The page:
Monday, February 20, 2017
A storm off the West Coast is again pounding the California mountains, and energy ejecting out ahead of the storm will help form a southwest to northeast oriented front across the Great Basin. This front will bring clouds and the possibility of light showers to the Steamboat Springs area on Tuesday ahead of new storm cycle that that will persist into the weekend.
The front is forecast to move through northern Colorado early Wednesday, bringing cooler temperatures and a likely burst of heavy snow down to the Yampa Valley floor. Light to moderate snows should continue during the day and overnight as the front stalls near our region and subtle, hard-to-resolve waves of energy periodically enhance snowfall rates.
Snowfall forecast amounts are bolstered by atmospheric cooling, but tempered by the predominantly west-southwest mountain-top winds and the location of the upper level jet stream just north of the Colorado border. Right now, I expect 4-8” of snow by Thursday morning.
Meanwhile, additional energy from the northern latitudes kicks the West Coast storm inland later Wednesday across the Great Basin, and another push of significantly colder air with moderate to heavy snows is expected sometime on Thursday. Good snow should follow the front as the upper level jet stream pushes south of northern Colorado and maintains the large-scale upward motion that is conducive to precipitation.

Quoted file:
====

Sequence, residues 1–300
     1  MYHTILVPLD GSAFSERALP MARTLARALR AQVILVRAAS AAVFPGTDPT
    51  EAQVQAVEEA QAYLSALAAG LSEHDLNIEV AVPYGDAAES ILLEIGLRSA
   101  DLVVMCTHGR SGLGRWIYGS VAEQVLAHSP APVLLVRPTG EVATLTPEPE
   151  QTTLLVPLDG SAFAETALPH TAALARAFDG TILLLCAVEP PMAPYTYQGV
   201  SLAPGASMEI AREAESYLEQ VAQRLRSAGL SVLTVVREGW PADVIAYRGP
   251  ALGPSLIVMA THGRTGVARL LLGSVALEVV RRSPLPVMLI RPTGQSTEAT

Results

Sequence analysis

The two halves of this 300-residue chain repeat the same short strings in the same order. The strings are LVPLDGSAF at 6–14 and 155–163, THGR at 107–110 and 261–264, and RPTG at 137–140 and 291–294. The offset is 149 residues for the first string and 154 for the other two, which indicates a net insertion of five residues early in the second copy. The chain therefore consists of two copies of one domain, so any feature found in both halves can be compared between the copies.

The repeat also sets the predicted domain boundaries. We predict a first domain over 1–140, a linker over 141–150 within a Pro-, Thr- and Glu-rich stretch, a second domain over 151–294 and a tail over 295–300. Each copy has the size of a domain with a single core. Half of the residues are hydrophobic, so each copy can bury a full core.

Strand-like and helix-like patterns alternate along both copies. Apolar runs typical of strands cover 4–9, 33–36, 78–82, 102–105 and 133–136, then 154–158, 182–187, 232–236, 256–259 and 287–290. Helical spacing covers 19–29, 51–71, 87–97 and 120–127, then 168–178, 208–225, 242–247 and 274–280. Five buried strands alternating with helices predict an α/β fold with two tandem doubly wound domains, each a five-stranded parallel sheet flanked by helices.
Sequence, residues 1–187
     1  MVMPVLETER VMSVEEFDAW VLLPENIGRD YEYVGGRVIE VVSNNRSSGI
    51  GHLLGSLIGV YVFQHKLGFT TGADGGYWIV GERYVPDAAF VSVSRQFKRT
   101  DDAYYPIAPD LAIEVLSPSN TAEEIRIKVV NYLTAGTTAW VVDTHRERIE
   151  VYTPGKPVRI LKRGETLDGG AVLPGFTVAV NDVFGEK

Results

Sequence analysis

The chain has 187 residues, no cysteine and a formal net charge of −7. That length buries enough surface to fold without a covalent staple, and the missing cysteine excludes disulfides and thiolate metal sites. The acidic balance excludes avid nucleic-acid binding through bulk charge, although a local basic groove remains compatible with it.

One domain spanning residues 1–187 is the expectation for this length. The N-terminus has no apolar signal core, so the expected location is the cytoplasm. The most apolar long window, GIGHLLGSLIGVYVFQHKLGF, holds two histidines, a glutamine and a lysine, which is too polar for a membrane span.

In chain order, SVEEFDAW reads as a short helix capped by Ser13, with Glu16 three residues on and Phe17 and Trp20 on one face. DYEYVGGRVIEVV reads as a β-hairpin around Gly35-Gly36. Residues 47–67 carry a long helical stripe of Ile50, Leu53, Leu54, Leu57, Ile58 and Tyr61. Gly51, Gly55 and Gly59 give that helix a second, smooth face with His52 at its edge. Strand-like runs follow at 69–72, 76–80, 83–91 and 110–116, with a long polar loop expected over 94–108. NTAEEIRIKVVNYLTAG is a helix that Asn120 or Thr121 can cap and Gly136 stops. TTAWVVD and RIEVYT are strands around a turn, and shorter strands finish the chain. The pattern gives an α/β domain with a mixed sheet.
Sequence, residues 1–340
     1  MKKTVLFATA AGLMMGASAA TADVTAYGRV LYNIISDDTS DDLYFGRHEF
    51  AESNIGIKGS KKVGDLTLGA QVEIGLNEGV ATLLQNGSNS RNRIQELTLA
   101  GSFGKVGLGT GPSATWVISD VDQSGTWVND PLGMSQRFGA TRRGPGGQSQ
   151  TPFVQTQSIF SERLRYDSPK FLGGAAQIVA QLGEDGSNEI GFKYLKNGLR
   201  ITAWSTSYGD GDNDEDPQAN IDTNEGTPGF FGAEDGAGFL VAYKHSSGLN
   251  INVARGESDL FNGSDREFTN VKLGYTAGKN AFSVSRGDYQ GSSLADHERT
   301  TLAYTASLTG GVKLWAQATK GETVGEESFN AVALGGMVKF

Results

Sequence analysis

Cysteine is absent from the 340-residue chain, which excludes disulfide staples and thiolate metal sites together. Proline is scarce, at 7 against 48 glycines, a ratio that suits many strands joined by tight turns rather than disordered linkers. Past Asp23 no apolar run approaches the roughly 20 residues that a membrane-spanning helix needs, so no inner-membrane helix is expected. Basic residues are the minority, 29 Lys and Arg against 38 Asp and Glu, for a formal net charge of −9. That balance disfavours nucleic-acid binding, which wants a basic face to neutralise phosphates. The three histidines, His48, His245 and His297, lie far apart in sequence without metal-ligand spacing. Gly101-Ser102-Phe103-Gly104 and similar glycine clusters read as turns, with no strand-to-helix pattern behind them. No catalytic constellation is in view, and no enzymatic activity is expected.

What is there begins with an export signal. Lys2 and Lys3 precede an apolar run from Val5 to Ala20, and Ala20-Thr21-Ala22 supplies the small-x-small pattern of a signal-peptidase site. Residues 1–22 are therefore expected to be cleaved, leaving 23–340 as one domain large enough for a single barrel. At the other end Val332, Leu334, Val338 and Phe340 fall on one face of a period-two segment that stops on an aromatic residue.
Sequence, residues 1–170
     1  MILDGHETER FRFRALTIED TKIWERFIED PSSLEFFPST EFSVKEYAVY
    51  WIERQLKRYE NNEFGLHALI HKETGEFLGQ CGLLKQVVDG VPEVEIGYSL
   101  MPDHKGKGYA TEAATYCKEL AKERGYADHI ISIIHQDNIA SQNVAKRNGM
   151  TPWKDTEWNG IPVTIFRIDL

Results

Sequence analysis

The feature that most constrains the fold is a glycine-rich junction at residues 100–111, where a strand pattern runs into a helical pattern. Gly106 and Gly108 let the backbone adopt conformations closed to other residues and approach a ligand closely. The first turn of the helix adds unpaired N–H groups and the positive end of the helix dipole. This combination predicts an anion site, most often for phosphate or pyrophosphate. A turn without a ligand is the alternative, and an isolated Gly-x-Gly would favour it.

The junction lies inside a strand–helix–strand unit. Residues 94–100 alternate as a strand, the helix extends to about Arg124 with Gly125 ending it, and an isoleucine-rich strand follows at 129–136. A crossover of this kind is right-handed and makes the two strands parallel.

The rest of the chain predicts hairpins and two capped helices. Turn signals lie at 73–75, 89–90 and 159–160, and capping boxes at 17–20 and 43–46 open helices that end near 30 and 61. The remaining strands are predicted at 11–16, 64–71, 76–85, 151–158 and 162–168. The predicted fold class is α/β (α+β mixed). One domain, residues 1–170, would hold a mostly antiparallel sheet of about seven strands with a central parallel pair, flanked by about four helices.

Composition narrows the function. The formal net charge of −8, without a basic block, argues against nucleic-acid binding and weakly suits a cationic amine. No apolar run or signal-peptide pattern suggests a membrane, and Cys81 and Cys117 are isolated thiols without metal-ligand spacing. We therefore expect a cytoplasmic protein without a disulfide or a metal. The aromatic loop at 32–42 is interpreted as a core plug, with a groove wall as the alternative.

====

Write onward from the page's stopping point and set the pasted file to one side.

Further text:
Light to moderate snows will continue overnight Thursday and through much of Friday as cool, moist and unstable northwest flow lingers behind the departing storm. If the storm comes together as advertised by some models, we could see as much as 6-12” by Friday morning and an additional 3-6” during the day.
Additional energy and cold air from the northern latitudes travels down the east side of a building Bering Sea ridge into the Gulf of Alaska, forming a new storm and reinforcing a generally west-to-east frontal boundary across the Great Basin. Models disagree on how much energy loiters off the West Coast vs. how much moves inland and the amount of ridging ahead of the storm, but unsettled conditions with seasonably cool temperatures are expected for the weekend.
Some models have the storm off the West Coast drawing in subtropical moisture and setting the stage for another atmospheric river event. Though the timing is uncertain, models have additional northern latitude energy again dropping into the Gulf of Alaska, displacing the hopefully very moist storm westward early in the work week and bringing another round of likely significant precipitation to the area.